• Dress the Part: Your clothes will give you confidence. Although it may be psychological, the idea here is that formal wear will allow you to psyche yourself into thinking that you will do well.
  • Umms and Like: These verbal fillers detract from the message and are a sign of nervousness. The audience can't tell if you are nervous or not if you take your time and speak slowly.
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The other answers, in my opinion, give advice for how to get better at giving formal presentations, which is not really what your question is about.

To get better at giving more informal talks (or chats, as I like to refer to them as), I suggest to get more practice at doing that. Typically, the way we as academics do that is to teach -- you need to get more teaching experience.

So, if you really want to get better, ask to sign up as a TA for a course over the summer. I know, I know, you're busy ... I get it; however, through teaching I've found that it really does help to acquire the much needed practice for formulating the necessary material and approach for an informal chat to help the audience understand what you are on about.

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Here few main points from my Medium Post "A Hitchhiker’s Guide to giving a Mini-talk in Maths (or another technical subject)":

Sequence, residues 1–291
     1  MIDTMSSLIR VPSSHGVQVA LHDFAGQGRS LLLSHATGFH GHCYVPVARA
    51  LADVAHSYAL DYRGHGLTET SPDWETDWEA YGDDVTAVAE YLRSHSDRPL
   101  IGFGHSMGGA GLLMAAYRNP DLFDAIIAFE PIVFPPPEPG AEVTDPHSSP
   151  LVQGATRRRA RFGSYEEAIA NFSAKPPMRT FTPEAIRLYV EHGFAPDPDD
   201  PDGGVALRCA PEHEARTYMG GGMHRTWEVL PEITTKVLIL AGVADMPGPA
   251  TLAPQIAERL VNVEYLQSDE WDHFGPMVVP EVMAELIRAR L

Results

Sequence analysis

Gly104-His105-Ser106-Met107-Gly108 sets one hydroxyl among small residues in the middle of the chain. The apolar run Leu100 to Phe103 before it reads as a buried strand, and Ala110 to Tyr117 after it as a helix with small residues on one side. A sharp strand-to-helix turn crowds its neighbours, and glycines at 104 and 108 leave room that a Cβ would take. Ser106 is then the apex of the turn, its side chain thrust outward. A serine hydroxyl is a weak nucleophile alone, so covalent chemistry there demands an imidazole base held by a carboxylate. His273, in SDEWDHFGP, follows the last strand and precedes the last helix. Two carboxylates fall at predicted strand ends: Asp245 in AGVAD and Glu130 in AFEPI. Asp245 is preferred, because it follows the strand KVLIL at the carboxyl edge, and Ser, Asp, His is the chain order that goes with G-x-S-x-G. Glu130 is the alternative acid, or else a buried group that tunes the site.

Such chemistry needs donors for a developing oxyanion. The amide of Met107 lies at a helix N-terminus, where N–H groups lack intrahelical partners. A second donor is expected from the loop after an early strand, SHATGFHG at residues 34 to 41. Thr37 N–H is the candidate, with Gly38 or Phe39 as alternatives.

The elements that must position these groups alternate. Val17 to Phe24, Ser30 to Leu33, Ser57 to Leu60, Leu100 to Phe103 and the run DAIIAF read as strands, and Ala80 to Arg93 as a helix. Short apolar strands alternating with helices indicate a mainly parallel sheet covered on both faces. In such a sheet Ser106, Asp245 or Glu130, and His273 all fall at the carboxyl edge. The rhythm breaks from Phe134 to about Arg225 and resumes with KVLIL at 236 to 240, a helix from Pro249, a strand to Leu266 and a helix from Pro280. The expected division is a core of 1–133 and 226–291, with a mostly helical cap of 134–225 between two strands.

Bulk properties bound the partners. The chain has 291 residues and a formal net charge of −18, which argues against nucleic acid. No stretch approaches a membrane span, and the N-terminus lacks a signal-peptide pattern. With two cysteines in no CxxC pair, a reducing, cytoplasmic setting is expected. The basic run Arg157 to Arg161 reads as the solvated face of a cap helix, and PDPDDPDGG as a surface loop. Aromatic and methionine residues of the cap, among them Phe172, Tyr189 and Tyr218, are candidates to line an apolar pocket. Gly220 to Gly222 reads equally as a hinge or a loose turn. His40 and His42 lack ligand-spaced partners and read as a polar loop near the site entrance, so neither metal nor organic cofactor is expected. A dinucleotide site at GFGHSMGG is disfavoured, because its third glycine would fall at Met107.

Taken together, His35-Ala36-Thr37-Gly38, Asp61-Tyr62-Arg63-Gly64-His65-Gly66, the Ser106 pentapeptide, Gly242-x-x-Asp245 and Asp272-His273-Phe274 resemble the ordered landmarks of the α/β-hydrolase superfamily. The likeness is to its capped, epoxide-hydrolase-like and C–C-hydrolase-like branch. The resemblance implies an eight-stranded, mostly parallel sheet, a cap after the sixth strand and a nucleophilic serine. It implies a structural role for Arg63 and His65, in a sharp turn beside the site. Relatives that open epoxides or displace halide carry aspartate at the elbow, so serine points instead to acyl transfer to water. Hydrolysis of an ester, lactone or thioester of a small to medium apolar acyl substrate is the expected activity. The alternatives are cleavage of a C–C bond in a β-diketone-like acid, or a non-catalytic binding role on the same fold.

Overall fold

Give mini-talks

They are a great source of practice in a low pressure environment. There are fewer things to focus on. Less material to prepare. Fewer expectations. You learn quicker. Fewer things can go wrong.

Choose topic you find interesting and exciting

Exciting your audience is the easiest if you are excited yourself. Avoid any topic you don’t really care about or find boring. Pick something you know or like to learn more about. Try to read and learn as much as possible before your talk. That will give your more confidence, among other benefits, and confidence is always a good thing when giving a talk.

Focus on one single point and make it dead clear

This is perhaps the best advice I can give. No one expects to learn a complete new theory in your mini-talk. But people like to learn something new. And learning one thing well is better than 5 things “half” or vaguely.

Break down your talk into parts

For mini-talks, I suggest 3 parts:

  • Motivation: Start here and intrigue your audience.
  • Precise content: Come to your main point and make it precise.
  • Examples: Support your point with examples and non-examples.